Andrew Drake was a charismatic and funny man who "lived, loved and was loved".
And in a cruel twist of fate that remains hard to accept, his best character trait was what led to him being fatally stabbed on the South Coast in the prime of his life.
That is the belief of the Surfside man's sister, Lucy Wessell, who outlined the "devastating" impacts of the 29-year-old's death in a victim impact statement read by her husband Luke to the NSW Supreme Court in Queanbeyan on Wednesday.
In her statement, Ms Wessell described falling to her knees in April 2019 when she heard that Mr Drake's neighbour Daniel Sharpe had killed him.
Mr Drake had earlier hopped over the fence from his home with a different sister, Penny Drake, to listen to music and socialise with Sharpe and his father David.
But the fun night Mr Drake had hoped for did not materialise, and the well-travelled man had a "quite heated" tussle with a heavily intoxicated David Sharpe.
Daniel Sharpe, then only 18, intervened and stabbed Mr Drake 11 times as Ms Drake "blacked out", having been injured while trying in vain to break up the fight.
"An eagerness to get to know people and an excitement to make connections; that was Andrew through and through," Ms Wessell said.
"Knowing that Andrew went over to David and Daniel's house feeling positive about getting to know them makes me feel even more saddened by the outcome of that night.
"Naturally, we wish more than anything that he'd never gone over that fence, but we cannot fault him in his excitement to make new friendships.
"It is a difficult thing to process knowing that Andrew's best character trait led to him being killed."
Ms Wessell also described feeling confused by her lack of hatred for her brother's killer, saying she instead felt "a tragic combination of sorrow and pity" for Sharpe.
"Perhaps the saddest part is knowing that if Daniel didn't kill Andrew, Andrew could have ended up being a supportive and positive addition to his life," she wrote.
"Meeting Andrew should have been one of the best things to ever happen to Daniel, but for reasons that can never be fully understood ... Daniel killed him."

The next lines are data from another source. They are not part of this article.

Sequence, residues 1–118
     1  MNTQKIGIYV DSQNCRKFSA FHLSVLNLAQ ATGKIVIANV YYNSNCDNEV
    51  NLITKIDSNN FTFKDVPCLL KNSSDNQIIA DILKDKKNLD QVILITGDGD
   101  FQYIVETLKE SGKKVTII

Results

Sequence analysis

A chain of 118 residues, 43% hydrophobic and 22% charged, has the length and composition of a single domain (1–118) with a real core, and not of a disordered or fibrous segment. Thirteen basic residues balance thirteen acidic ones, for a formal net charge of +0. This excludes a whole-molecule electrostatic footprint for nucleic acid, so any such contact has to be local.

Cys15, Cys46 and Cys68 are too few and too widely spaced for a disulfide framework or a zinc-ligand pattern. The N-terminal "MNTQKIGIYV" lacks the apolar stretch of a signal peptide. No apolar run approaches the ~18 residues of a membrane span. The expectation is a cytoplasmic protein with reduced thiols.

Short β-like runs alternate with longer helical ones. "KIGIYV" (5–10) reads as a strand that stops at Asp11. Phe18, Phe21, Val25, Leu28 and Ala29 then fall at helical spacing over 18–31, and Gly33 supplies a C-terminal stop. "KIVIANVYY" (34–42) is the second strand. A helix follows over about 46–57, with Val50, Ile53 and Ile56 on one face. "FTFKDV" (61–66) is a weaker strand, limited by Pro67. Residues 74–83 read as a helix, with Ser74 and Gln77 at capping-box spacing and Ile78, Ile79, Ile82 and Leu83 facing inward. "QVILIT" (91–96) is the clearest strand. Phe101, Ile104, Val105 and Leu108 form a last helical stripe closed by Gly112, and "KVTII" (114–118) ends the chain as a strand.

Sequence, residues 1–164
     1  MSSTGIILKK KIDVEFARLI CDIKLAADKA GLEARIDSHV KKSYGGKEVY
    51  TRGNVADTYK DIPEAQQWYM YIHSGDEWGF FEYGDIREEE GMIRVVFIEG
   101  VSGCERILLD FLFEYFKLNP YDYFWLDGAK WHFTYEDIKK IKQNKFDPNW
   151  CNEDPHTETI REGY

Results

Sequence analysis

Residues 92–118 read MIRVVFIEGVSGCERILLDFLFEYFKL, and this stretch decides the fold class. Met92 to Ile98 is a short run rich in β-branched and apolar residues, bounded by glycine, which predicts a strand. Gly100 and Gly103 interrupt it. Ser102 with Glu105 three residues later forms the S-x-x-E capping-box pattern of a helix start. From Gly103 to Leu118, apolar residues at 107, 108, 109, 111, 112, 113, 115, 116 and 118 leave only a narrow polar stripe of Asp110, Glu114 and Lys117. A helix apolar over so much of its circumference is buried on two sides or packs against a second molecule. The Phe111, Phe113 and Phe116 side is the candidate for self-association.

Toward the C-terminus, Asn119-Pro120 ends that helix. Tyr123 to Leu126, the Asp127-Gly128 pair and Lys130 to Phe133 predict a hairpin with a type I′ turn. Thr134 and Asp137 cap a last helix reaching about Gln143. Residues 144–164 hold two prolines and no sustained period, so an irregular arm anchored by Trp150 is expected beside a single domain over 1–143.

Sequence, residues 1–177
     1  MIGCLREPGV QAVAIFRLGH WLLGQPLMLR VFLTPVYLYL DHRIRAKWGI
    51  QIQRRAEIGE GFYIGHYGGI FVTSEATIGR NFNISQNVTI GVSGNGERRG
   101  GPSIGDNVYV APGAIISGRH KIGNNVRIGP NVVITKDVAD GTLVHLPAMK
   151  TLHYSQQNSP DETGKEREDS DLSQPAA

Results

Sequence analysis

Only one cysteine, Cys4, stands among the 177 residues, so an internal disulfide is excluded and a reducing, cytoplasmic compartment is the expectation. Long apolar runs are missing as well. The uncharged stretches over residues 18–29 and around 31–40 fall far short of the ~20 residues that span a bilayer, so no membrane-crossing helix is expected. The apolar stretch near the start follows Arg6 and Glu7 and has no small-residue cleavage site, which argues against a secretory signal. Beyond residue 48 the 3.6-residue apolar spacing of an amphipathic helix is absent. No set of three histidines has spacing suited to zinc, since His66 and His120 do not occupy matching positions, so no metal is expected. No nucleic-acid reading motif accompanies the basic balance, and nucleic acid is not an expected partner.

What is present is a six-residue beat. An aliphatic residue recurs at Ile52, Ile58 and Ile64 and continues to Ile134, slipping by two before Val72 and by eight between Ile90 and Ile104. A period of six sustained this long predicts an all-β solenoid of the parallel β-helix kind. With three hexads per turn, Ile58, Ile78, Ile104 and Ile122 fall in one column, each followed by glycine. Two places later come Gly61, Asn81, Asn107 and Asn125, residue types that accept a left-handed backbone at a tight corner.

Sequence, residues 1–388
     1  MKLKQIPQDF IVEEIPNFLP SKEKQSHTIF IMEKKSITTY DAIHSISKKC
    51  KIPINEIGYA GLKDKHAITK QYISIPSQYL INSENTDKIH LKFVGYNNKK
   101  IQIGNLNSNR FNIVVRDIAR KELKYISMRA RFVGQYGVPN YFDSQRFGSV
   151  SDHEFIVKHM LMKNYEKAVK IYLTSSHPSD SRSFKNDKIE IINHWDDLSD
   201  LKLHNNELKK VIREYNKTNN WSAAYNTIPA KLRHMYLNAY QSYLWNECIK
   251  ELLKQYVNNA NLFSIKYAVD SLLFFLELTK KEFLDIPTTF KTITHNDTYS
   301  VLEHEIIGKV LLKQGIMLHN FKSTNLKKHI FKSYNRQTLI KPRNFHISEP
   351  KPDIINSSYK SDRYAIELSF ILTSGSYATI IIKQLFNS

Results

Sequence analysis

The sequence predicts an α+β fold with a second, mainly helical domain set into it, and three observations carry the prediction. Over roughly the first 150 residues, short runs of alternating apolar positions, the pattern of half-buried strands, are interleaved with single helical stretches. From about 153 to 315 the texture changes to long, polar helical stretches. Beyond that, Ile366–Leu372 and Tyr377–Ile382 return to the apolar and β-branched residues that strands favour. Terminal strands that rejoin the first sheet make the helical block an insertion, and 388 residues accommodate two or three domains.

This sentiment was echoed by Ms Drake, who said her brother loved mountains sunsets, animals and, most of all, connecting with people.
"He would've shown you just how amazing life is," Ms Drake told Sharpe.
"He would've made you laugh until you cried."
Sharpe, now 20, stood trial in February over the stabbing of Mr Drake. He was acquitted of a murder charge, but found guilty of manslaughter.
Crown prosecutor Kate Ratcliffe told a sentence hearing on Wednesday that the trial jury must have concluded that Sharpe had felt compelled to defend his father, but "the extremity of the response was wholly disproportionate".
"It is a very serious example of a manslaughter offence," she said.
Ms Ratcliffe also said it seemed Sharpe's perception of danger had been "clouded by his dysfunctional relationship with his father", of whom he was "fiercely protective".
Sharpe's barrister, Troy Anderson, accepted that "there's no doubt 11 stab wounds was excessive".
He said his client was "very immature" and had "a very strange relationship" with his father, leading him to commit the "spontaneous" crime.
"A more mature person would not have done what Daniel Sharpe has done," Mr Anderson said.
The public defender urged Justice Geoffrey Bellew to find that Sharpe had "very good" prospects for rehabilitation, saying he had not been "a layabout kid" prior to his arrest and that he was now seeing what it was like to do "hard time".
Ms Ratcliffe, on the other hand, said the judge should remain "guarded" on this issue.
Justice Bellew said he would sentence Sharpe on Friday morning.
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